from the Circuit Court for Pinellas County; Kathleen T.
L. Dimmig, II, Public Defender, and Kevin Briggs, Assistant
Public Defender, Bartow, for Appellant.
Moody, Attorney General, Tallahassee, and Michael Schaub,
Chief Assistant Attorney General, Tampa, for Appellee.
appeals an order withholding adjudication and placing him on
probation for one count of grand theft and three counts of
burglary of a conveyance. We agree with J.K. that the trial
court erred in denying his motion for judgment of dismissal
of all four charges. J.K. and his codefendant, J.A.H., were
originally accused of conspiracy to commit burglary, grand
theft, and five counts of burglary of a conveyance. J.K. and
J.A.H. were tried together, both were found guilty of one
count of grand theft and three counts of burglary, and both
were placed on probation. J.A.H. filed an appeal of the order
withholding adjudication in his case and in J.A.H. v.
State, 44 Fla.L.Weekly D 1633, __ So.3d __, 2019 WL
2607481 (Fla. 2d DCA June 26, 2019), this court held that the
trial court erred in denying the motion for judgment of
dismissal, and it reversed the order withholding adjudication
and remanded the case with instructions to dismiss the
delinquency petition. Because the evidence presented against
the two juveniles was virtually the same, as this court did
in J.A.H., we reverse the order withholding
adjudication and placing J.K. on probation and remand with
instructions to dismiss the delinquency petition.
evidence at the bench trial established that a Nissan Altima
was stolen from a womans home on February 12, 2017, and when
it was recovered on February 16, it had been damaged. The
evidence also showed that four vehicles were burglarized
sometime during the evening of February 15 or the early hours
of February 16. One victim testified that on February 16, she
received a call from a detective notifying her that her purse
had been found in a stolen car. She then went outside and
noticed that her truck had been broken into the previous
night and several things had been taken. Her belongings were
found inside the stolen Nissan Altima. The victims boyfriend
also testified that his car was broken into that night and
items were stolen.
third car was also burglarized on February 16, but the owner
could not determine if anything was taken from her car. Her
home has a security system that monitors the entire property
and the street in front of the house. The victims boyfriend
testified that the burglary of the car and the attempted
burglary of his truck were captured on video, and the video
was played at trial. He testified that the video appeared to
show five young men involved in the burglary, but the video
was not clear enough to determine the ethnicity of the
approximately 2:00 a.m. on February 16, a deputy patrolling
in Belleair Beach saw the stolen Nissan Altima. He followed
the vehicle with the assistance of a police helicopter, and
when the vehicle stopped, five individuals exited the vehicle
Five people were arrested in close proximity to the car,
including J.K. and J.A.H. Deputies were not able to identify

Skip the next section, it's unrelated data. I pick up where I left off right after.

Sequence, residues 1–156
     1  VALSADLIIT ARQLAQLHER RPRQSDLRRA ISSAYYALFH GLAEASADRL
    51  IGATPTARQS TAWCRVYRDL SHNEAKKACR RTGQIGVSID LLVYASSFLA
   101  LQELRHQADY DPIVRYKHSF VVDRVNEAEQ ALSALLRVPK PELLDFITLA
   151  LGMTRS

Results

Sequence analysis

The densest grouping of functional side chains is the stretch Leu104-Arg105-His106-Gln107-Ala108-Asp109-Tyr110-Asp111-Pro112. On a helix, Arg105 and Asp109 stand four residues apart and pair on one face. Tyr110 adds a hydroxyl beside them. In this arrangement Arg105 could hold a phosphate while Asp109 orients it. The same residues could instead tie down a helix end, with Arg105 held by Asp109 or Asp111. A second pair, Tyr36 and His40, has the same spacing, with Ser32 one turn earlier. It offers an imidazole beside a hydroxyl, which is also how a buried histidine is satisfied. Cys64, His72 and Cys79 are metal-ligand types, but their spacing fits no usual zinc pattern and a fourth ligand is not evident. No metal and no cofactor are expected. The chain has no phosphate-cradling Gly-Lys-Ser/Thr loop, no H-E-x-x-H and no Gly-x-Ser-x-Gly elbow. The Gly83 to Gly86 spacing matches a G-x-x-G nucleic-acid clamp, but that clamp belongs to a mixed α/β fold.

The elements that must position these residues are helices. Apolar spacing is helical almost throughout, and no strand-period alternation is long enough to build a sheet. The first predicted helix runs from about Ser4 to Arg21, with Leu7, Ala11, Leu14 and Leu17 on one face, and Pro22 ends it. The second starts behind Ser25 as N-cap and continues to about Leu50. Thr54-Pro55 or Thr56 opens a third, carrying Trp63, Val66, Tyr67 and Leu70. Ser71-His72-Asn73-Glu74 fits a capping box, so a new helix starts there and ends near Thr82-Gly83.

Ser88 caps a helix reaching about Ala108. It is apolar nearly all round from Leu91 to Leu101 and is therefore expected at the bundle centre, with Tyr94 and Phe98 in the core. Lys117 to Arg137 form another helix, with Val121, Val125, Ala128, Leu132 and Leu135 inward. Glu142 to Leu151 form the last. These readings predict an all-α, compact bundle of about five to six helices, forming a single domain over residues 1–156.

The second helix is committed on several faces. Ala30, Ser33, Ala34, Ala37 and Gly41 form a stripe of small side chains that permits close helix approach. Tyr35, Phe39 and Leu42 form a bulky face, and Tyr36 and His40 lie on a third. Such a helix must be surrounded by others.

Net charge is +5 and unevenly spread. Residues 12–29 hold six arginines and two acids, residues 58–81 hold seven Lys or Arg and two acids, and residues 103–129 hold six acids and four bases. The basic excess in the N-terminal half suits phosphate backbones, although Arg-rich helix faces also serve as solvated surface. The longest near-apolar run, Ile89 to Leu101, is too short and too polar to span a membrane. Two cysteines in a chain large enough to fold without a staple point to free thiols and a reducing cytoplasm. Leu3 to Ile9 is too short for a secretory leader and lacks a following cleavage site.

who was driving the vehicle or where the individuals were
seated inside of the vehicle.
told a deputy that he knew the vehicle was stolen and
"that they were just out joyriding, that they werent
doing anything else." J.A.H. stated that there were five
individuals in the car, but he did not provide their names.
Deputies did not have any information that involved J.K.,
only that he was caught in the area. The State presented no
fingerprint or other evidence connecting J.K. to the
burglarized vehicles or stolen items.
court reviews the denial of a motion for judgment of
dismissal de novo, and a trial court should grant a judgment
of dismissal "if the State fails to present sufficient
evidence to establish a prima facie case." T.A.K. v.
State, 258 So.3d 559, 561 (Fla. 2d DCA 2018). Here, as
to the grand theft offense, we agree with the panel in
J.A.H., 44 Fla.L.Weekly at D1633, __ So.3d at __-34, that
there was no evidence connecting J.K. to the theft of the
vehicle or establishing that J.K. had possession of the
vehicle. See A.D.P. v. State, 223 So.3d
428, 430 (Fla. 2d DCA 2017) ("Evidence that a person was
a passenger in a previously stolen vehicle is insufficient to
prove the theft of the vehicle."). As noted in
J.A.H., because the evidence established, at most,
that J.K. was a passenger in the vehicle, judgment of
dismissal was required. See Canady v.
State, 813 So.2d 161, 161 (Fla. 2d DCA 2002) ("An
individual who is a passenger in a vehicle after the vehicle
has been stolen, even with knowledge that it has been stolen,
cannot be convicted of grand theft."). We also note that
J.A.H., unlike J.K., made statements to law enforcement that
connected him to the car. J.A.H. stated that he knew the
vehicle was stolen and "that they were just out
joyriding, that they werent doing anything else." There
was no evidence that J.K. knew the car was stolen.
agree with the panel in J.A.H. as to the burglary
offenses. There was no evidence that placed J.K. at the scene
of the burglaries, there was no evidence that J.K. had
possession of the stolen items, and there was no evidence
suggesting where J.K. had been sitting in the stolen vehicle
in reference to those items. See J.A.H., 44
Fla.L.Weekly at D1633-34, __ So.3d at __. In Rivers v.
State,124 So.3d 247, 252 (Fla. 2d DCA 2013), this court
reversed the appellants convictions for burglaries and grand
thefts related to stolen purses where, although Rivers was
driving a car in which the stolen purses were found, there
were three passengers and two of the passengers were sitting
in the back seat where the stolen purses were found. This
court noted that Rivers was not in exclusive possession of
the stolen purses, and there was no evidence that he was at
the scene of the burglaries when the purses were stolen.
Id. "The State presented no other evidence to
show that Rivers had conscious, ...